Minimalist interior designs, rows of employees sitting close to one another, with few or no enclosed rooms are the hallmarks of the modern workplace.
These open-plan offices aim to encourage collaboration and a collegial workplace culture, but new research from Oxford Economics shows these also come with serious drawbacks.
Noise and distraction, technology integration, and after-hours work are bigger issues than most executives realise - and can have detrimental effects on employee productivity and satisfaction, according to the research conducted with Plantronics.
The survey asked more than 600 executives and 600 employees what works - and what doesn't - about open-plan layouts. The respondents came from the US, the UK, Germany, India, China, Australia and the Nordic region.
An issue raised by employees is that technology integration is a work in progress.
The employees say they are expected to be connected to the office all the time - but only 40 per cent say the devices they use at home integrate seamlessly with their work tools.
As well, the research finds constant connectivity breeds compulsive behaviour and could lead to burnout.
"Many feel pressure to be 'always on' and experience the strains of constant connectivity and information overload," the report states.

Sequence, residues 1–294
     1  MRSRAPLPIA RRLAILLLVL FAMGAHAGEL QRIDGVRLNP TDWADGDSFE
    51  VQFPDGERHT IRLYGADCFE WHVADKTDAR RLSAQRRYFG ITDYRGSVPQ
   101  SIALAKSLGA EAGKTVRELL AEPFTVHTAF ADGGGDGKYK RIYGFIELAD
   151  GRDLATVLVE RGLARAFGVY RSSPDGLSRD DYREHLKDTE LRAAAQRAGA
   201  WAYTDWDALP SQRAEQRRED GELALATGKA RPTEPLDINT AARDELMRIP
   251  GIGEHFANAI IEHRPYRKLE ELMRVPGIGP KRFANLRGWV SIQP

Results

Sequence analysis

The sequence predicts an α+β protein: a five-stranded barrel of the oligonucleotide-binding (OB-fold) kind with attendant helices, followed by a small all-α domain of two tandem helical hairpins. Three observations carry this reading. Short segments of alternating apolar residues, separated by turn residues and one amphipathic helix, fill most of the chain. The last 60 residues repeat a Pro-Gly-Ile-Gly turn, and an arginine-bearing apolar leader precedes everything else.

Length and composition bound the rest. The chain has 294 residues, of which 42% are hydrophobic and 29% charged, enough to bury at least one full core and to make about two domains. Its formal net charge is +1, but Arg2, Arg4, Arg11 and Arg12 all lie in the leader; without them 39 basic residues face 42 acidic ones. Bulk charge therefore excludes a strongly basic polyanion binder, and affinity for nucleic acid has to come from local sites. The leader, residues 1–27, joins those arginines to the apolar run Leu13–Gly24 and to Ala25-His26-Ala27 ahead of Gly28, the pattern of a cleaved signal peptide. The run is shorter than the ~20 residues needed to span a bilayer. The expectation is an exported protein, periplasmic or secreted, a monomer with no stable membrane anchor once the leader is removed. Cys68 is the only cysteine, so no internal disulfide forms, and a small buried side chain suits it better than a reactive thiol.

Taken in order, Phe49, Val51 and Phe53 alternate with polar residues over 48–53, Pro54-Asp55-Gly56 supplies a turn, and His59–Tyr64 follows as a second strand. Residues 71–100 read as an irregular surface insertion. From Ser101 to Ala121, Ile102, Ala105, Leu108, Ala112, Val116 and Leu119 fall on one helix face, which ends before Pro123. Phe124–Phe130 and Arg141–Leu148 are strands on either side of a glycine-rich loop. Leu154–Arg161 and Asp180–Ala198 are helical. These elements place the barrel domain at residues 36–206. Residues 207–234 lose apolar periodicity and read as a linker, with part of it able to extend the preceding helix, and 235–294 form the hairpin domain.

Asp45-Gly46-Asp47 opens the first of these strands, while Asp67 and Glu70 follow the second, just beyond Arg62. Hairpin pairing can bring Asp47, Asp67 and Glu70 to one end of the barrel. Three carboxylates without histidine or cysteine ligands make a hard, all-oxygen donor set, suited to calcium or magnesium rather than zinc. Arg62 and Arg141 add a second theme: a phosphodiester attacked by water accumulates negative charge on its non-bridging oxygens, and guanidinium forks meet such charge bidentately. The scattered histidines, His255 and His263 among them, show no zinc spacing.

More than a third of the employees say they use their technology devices mainly because of habit or compulsion, fear of missing out, or social pressure.
Meanwhile, there is a disconnect on how the executives and the employees view the workplace environment. Nearly two-thirds of executives say the staff have tools they need to deal with work distractions, but less than half of the employees agree.
The first step to overcoming challenges of open plans is to start a dialogue between executives and employees about what is working-and what needs to change- about office design, Adrianna Gregory, associate editor, Thought Leadership, Oxford Economics tells CIO New Zealand.
"Open-plan spaces are a reality of the modern workplace, and to make it function, leaders will have to better understand what their employees need in terms of technology tools and separate spaces for focused work," states Gregory.
"Recognise noise and distractions as serious issues in the open-plan office, and plan accordingly," advises Edward Cone, deputy director of Thought Leadership and Technology Practice Lead at Oxford Economics.
Employees need the quiet time, spaces, and devices they need for focused work to allow them to be more productive during the work day, the research notes.
"The ability to create a quiet environment or escape a noisy one is more important to employees than free food or other novel amenities, and should be prioritised when designing the office layout and planning for collaboration technology."
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